• Reserve specific tasks that the K9 Buddy recipient will always do with the K9 Buddy dog. These may include feeding meals, providing food rewards from the food pouch for good responses to cued behaviors, or playtime at a designated time each day. Help other children in the household recognize that these tasks are special to the team.
  • Provide some time for the dog to interact with all members of the family so everyone has a chance to participate.
  • As appropriate to the team and situation, fun training games can be utilized where the K9 Buddy recipient is the dog’s primary handler and siblings are in an assisting role. These can include recall games (calling the dog from person to person) or practicing polite greeting behaviors, where siblings are allowed to come up and pet the dog while the child (recipient) provides praise and food reward for calm, appropriate behavior. Teams can work up to more advanced practice with siblings providing (reasonable) distractions during other cued behaviors like a sit-stay or down-stay. These games can be covered in more depth during your partnership training.

These ideas can help all family members feel included, while continuing to build the bank account between the child and their buddy.

A K9 Buddy dog has been specifically chosen for his/her temperament and natural affinity for being around people, but occasionally, even a dog needs some space. Crates, bowls and toys containing food should be approached with care, especially by children. When a dog is sleeping, they should not be disturbed, therefore the crate is an excellent tool to ensure that they have a safe space to take a break. In addition, if a dog chooses to move away from a person to lay by themselves, that should be allowed and respected without being followed. It is important to teach children to respect a dog’s boundaries, especially because the other dogs they encounter in the world may not be as forgiving as their K9 Buddy, and that is how accidents can happen!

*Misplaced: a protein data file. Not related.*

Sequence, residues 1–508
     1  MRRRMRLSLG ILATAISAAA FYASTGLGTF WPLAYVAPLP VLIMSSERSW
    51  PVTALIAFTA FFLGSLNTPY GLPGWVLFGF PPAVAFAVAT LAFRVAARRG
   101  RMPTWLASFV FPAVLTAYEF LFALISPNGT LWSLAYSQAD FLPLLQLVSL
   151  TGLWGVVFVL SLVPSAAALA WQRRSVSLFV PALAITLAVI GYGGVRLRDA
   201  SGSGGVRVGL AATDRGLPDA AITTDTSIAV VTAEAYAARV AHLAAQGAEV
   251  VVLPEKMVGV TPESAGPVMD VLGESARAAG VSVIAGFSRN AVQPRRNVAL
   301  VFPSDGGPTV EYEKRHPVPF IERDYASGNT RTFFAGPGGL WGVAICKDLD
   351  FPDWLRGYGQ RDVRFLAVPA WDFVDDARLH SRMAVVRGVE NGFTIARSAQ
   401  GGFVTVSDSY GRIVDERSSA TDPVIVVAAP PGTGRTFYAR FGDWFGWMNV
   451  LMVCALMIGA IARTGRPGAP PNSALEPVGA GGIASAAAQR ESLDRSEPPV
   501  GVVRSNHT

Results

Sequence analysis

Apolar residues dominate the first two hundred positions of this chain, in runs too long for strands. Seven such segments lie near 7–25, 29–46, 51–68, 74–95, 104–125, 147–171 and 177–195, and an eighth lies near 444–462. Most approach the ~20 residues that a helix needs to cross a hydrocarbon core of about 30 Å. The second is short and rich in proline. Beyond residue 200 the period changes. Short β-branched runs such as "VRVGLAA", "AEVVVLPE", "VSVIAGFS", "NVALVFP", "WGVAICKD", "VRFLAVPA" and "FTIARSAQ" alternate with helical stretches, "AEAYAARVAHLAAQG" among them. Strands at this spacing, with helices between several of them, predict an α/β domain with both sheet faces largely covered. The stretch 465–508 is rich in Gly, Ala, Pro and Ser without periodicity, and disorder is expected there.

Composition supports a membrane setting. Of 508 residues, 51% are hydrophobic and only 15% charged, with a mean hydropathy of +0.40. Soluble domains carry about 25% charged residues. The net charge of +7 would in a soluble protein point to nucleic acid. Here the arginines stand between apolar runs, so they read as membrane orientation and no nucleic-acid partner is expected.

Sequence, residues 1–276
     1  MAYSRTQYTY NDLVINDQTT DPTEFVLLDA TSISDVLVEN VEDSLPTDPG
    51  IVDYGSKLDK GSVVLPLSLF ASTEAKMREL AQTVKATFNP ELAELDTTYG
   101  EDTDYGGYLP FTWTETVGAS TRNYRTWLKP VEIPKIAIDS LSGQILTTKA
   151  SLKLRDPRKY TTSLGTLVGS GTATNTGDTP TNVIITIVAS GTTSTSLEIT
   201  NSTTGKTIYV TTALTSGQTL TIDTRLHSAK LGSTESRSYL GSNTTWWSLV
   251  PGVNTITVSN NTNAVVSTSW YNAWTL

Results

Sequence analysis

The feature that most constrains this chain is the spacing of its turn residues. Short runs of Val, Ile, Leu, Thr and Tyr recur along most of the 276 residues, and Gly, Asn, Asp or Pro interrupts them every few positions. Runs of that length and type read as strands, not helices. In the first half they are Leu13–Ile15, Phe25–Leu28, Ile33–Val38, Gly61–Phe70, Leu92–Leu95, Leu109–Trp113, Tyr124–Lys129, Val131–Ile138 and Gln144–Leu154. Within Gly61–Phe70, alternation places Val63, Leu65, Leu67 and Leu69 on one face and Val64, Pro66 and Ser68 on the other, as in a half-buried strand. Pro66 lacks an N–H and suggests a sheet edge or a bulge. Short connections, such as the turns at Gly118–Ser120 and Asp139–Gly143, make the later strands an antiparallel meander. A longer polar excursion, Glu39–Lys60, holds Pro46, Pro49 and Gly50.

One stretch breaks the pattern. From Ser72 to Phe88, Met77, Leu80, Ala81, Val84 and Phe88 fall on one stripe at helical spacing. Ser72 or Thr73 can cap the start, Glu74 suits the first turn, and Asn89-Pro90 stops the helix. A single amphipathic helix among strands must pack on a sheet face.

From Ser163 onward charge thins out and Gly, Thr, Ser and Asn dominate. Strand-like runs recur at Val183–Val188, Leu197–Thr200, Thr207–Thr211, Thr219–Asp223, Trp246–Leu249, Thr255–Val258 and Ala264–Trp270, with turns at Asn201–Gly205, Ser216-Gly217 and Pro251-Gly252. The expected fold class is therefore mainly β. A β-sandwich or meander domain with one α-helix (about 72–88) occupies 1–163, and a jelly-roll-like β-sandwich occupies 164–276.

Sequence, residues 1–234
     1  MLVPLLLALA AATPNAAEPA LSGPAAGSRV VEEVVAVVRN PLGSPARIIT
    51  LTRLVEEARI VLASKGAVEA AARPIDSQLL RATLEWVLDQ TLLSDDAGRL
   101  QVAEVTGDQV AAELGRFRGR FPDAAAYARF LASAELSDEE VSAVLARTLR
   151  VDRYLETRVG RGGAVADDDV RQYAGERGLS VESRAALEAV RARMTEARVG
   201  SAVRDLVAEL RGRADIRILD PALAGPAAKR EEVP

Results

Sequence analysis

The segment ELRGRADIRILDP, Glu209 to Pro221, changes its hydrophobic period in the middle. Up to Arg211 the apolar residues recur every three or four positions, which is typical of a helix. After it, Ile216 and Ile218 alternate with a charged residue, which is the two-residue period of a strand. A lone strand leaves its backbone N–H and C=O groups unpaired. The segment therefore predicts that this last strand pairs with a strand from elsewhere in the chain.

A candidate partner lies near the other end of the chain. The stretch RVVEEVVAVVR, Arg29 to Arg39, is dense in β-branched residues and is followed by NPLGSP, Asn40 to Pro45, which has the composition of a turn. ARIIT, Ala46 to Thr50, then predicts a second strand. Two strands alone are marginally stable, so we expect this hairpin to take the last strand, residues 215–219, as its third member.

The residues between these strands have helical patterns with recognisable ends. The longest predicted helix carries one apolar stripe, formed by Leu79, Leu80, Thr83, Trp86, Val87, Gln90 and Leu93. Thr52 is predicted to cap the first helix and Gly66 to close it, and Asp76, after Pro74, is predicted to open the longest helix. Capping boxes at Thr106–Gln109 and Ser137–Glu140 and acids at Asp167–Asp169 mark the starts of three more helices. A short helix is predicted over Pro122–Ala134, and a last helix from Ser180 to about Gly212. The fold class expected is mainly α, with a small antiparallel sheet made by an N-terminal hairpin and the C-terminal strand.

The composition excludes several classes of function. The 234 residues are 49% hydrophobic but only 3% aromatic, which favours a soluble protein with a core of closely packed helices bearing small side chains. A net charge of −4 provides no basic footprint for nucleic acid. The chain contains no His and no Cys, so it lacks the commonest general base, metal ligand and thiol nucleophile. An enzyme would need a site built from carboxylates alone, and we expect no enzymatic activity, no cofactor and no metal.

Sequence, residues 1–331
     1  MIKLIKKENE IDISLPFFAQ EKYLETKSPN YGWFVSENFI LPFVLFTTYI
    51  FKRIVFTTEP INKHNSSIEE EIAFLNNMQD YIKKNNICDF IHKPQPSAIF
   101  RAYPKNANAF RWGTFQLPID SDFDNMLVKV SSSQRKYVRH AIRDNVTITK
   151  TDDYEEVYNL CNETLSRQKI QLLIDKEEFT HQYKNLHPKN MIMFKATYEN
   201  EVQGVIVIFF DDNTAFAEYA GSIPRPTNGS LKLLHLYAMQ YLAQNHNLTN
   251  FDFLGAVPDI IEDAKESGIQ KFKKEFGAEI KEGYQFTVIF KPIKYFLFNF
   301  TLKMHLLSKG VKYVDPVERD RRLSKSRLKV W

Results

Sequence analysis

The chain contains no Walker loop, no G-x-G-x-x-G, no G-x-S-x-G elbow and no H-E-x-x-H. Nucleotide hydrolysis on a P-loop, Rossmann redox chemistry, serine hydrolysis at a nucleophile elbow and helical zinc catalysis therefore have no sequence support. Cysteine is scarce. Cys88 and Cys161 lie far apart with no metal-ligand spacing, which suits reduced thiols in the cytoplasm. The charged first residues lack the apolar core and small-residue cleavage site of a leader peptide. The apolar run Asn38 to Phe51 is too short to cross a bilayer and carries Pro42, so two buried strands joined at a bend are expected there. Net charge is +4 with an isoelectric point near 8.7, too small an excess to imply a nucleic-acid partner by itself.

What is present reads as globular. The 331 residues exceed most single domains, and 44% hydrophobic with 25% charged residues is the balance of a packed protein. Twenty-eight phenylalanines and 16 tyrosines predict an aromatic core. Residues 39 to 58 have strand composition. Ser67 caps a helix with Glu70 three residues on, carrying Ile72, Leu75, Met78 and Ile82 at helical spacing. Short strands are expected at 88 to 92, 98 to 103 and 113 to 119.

Interactions between children and dogs should be supervised. An accidentally pulled tail, stepped-on paw, or smothering hug may be forgiven once, but if repeated, it will build a negative association and can cause the dog to avoid your child over time. If your child is prone to outbursts or tantrums, please think of the dog’s perspective and move them to another, quieter room until the commotion subsides. Spending time with the K9 Buddy after the episode is over can be a positive reward, but there is no expectation that a dog should help a child navigate an outburst or come down from a meltdown. Throughout puppyhood and their time in training, GDB dogs are exposed to a variety of situations and stimuli, however it is not fair to expect them to “tolerate” inappropriate behavior/handling. Children learn appropriate interactions by modeling their parents/guardians’ interactions and management with the dog, and the dog needs to be able to rely on the adult to intervene when things go awry.

Children can learn responsibility, empathy, self-care, social interactions, and a variety of other life skills through their appropriate interactions with a dog. Some may even learn the skills necessary to prepare them for work with a guide dog, if that is one of their future goals. Following these tips will help you build the foundation for a steadfast bond that can last for years to come.

Important takeaways:

  • Most of the positive activities in the dog’s life should include the child
  • Build the bank account - All positive interactions are pennies in the bank!
  • Ensure all family members understand the importance of the child’s bond with their buddy. Find ways to incorporate siblings that don’t detract from the team’s growing relationship.
  • Supervise interactions with dogs and children to make sure everyone is having a good time
  • Allow for safe spaces and quiet time
  • HAVE FUN!!!